Robert William Holley
Robert William Holley
In 1968 Robert W. Holley shared the Nobel Prize in Medicine or Physiology with Har Gobind Khorana (1922- ) and Marshall W. Nirenberg (1927- ) "for their interpretation of the genetic code and its function in protein synthesis." Holley's work provided insight into the mechanism the cell uses to translate the information in the genetic code into essential proteins. Holley was one of the discoverers of the special type of nucleic acid called transfer-RNA. Having developed techniques for determining the structure of nucleic acids, Holley isolated alanine transfer RNA and determined the total sequence of nucleotides in this polynucleotide chain. This work represented the first determination of the complete chemical structure of a biologically active nucleic acid.
Holley was born in Urbana, Illinois, but he also lived in California and Idaho during his youth and developed a love of the outdoors and an interest in living things. Both of his parents were teachers. He majored in chemistry at the University of Illinois and received his B. A. degree in 1942. His wife, Anne Dworkin, was a chemist and mathematics teacher. In 1947 he was awarded the Ph.D. degree in organic chemistry from Cornell University. World War II interrupted his graduate work. From 1944 to 1946, he carried out research for the United States Office of Research and Development at Cornell University Medical College, where he participated in the first chemical synthesis of penicillin. Holley spent two years as an instructor and American Chemical Society Postdoctoral Fellow at Washington State University before returning to Cornell in 1948 as assistant professor of organic chemistry at the Geneva Experiment Station. During a sabbatical year (1955-1956), he was a Guggenheim Memorial Fellow at the California Institute of Technology. After returning to Cornell, he took the position of Research Chemist at the United States Department of Agriculture's Plant, Soil, and Nutrition Laboratory at Cornell. He was Professor of Biochemistry and Molecular Biology at Cornell until 1966. Although he maintained an affiliation with Cornell, he moved to the Salk Institute for Biological Studies in La Jolla, California, in 1967, where he became a resident fellow and professor. He also held the position of Adjunct Professor at the University of California at San Diego.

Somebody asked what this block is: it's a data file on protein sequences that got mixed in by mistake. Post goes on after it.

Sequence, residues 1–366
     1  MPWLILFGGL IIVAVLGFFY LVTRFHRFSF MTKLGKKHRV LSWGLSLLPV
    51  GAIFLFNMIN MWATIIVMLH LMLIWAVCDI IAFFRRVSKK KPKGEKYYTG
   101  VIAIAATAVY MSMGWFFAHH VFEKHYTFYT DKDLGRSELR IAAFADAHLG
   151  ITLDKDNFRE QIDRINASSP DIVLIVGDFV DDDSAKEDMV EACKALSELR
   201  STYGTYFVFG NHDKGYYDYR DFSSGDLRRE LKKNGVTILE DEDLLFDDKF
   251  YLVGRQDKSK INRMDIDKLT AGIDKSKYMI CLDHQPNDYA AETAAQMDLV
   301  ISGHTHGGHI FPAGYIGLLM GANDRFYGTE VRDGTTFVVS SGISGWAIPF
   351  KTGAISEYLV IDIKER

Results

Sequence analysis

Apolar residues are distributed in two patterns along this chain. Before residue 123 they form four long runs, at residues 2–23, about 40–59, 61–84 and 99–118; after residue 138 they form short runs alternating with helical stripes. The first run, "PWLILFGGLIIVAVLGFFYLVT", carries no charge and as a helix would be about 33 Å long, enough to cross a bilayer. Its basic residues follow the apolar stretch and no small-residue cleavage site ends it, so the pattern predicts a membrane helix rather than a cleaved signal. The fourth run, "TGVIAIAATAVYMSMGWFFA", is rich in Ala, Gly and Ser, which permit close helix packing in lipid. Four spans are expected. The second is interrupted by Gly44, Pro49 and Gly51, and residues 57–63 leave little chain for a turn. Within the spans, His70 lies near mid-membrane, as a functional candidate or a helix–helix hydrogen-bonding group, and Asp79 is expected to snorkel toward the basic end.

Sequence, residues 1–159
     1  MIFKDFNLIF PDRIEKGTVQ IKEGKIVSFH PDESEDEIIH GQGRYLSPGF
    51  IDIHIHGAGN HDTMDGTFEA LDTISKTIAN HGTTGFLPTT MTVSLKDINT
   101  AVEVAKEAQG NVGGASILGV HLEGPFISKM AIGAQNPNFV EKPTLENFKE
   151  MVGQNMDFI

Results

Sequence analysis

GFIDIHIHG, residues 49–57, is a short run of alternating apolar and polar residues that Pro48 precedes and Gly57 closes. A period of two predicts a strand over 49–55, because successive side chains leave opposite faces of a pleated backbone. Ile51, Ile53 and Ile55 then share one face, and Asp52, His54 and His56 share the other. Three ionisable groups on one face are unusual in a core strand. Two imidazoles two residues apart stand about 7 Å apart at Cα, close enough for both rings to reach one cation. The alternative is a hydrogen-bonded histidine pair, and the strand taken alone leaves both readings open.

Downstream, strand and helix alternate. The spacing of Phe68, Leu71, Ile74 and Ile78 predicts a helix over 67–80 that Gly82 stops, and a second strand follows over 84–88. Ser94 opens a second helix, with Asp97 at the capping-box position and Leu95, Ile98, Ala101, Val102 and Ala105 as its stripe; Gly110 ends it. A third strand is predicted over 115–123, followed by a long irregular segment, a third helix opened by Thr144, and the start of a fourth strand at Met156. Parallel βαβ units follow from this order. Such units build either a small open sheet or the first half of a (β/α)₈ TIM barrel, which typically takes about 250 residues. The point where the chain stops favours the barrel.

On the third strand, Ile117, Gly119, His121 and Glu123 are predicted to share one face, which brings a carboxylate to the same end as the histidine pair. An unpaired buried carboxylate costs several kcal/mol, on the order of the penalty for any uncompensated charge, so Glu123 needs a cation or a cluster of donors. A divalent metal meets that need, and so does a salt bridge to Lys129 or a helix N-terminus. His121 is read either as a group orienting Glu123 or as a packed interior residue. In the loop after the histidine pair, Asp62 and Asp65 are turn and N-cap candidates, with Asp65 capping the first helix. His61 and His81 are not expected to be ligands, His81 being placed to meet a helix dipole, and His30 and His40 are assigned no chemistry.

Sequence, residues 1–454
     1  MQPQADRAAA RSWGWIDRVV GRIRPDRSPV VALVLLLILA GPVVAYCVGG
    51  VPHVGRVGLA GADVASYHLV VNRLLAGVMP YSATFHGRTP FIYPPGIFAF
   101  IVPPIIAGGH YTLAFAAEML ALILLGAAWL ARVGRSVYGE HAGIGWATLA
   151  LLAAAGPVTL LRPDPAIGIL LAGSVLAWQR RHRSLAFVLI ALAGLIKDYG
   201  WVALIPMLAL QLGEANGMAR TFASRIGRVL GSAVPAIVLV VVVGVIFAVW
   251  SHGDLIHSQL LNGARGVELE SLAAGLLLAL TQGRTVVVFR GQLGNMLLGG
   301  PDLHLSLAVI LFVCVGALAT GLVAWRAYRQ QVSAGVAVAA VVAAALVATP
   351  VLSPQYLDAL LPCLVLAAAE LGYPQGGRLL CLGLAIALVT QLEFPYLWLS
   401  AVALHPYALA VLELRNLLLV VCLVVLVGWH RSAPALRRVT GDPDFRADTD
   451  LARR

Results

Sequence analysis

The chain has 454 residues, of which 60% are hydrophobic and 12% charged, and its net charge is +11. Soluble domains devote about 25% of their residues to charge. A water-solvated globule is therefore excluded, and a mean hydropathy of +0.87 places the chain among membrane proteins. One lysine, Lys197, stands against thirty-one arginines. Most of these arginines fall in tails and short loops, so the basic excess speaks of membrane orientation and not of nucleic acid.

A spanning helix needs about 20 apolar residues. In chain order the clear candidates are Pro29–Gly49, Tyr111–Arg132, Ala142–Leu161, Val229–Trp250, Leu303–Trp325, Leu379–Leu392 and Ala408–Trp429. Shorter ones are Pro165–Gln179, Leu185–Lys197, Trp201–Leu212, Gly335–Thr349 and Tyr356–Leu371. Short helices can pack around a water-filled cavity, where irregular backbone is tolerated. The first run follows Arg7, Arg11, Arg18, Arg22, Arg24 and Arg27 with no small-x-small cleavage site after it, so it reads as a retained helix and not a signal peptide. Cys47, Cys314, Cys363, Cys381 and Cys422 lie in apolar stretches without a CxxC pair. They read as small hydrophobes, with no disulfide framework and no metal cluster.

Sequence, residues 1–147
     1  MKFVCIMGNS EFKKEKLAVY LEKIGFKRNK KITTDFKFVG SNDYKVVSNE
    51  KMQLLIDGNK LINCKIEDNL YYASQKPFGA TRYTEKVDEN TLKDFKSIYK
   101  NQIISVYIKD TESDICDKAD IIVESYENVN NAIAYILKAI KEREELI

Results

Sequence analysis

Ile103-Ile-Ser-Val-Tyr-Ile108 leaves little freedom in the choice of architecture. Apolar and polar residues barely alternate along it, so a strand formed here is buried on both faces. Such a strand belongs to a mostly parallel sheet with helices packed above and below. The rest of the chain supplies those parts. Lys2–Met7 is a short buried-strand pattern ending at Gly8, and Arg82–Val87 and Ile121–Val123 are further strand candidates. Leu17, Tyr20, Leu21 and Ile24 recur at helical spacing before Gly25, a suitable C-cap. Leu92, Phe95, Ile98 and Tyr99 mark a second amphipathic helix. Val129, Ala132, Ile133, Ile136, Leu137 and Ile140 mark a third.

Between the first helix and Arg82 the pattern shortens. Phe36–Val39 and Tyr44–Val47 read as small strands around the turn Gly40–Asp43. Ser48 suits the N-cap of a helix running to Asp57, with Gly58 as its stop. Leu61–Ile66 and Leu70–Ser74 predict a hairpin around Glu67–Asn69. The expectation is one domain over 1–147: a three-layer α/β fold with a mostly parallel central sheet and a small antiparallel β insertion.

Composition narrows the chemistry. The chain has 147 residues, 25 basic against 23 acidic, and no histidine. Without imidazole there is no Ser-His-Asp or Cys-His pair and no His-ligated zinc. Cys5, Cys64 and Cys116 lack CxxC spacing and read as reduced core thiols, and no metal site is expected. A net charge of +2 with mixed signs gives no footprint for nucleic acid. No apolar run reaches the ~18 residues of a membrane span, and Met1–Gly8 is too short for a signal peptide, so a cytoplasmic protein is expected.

Holley's initial research topics concerned the organic chemistry of natural products and gradually turned to more biological subjects, including work on amino acids and peptides, and eventually work on the biosynthesis of proteins. Holley did his landmark RNA work while at Cornell University. His classic paper on deciphering the genetic code for RNA, "Sequences in Yeast Alanine Transfer Ribonucleic Acid," appeared in the Journal of Biological Chemistry in 1965. During his studies of the biosynthesis of proteins, Holley discovered alanine transfer RNA. Isolating and determining the structure of this RNA with the available techniques took about 10 years. The laborious work of sequencing the polynucleotide sequence of the alanine transfer RNA was completed in 1964. The nucleotide sequence of alanine transfer RNA was the first nucleic acid for which a complete structure had been established. Moreover, Holley's work helped explain how transfer RNAs are involved in reading the genetic code and transforming the information in the nucleic acid of the gene into the amino acids of the proteins.
In the 1970s, Holley became more involved in studies of the factors that control cell division in mammalian cells. He concluded that the factors that controlled growth and development were probably polypeptide hormones, hormone-like substances, and various low molecular weight nutrients.
In addition to the Nobel Prize, Holley won many other honors, including the Albert Lasker Award in Basic Medical Research, the Distinguished Service Award of the U. S. Department of Agriculture, and the U. S. Steel Foundation Award in Molecular Biology of the National Academy of Sciences. Holley was a member of the National Academy of Sciences, the American Academy of Arts and Sciences, the American Association for the Advancement of Science, the American Society of Biological Chemists, and the American Chemical Society.
LOIS N. MAGNER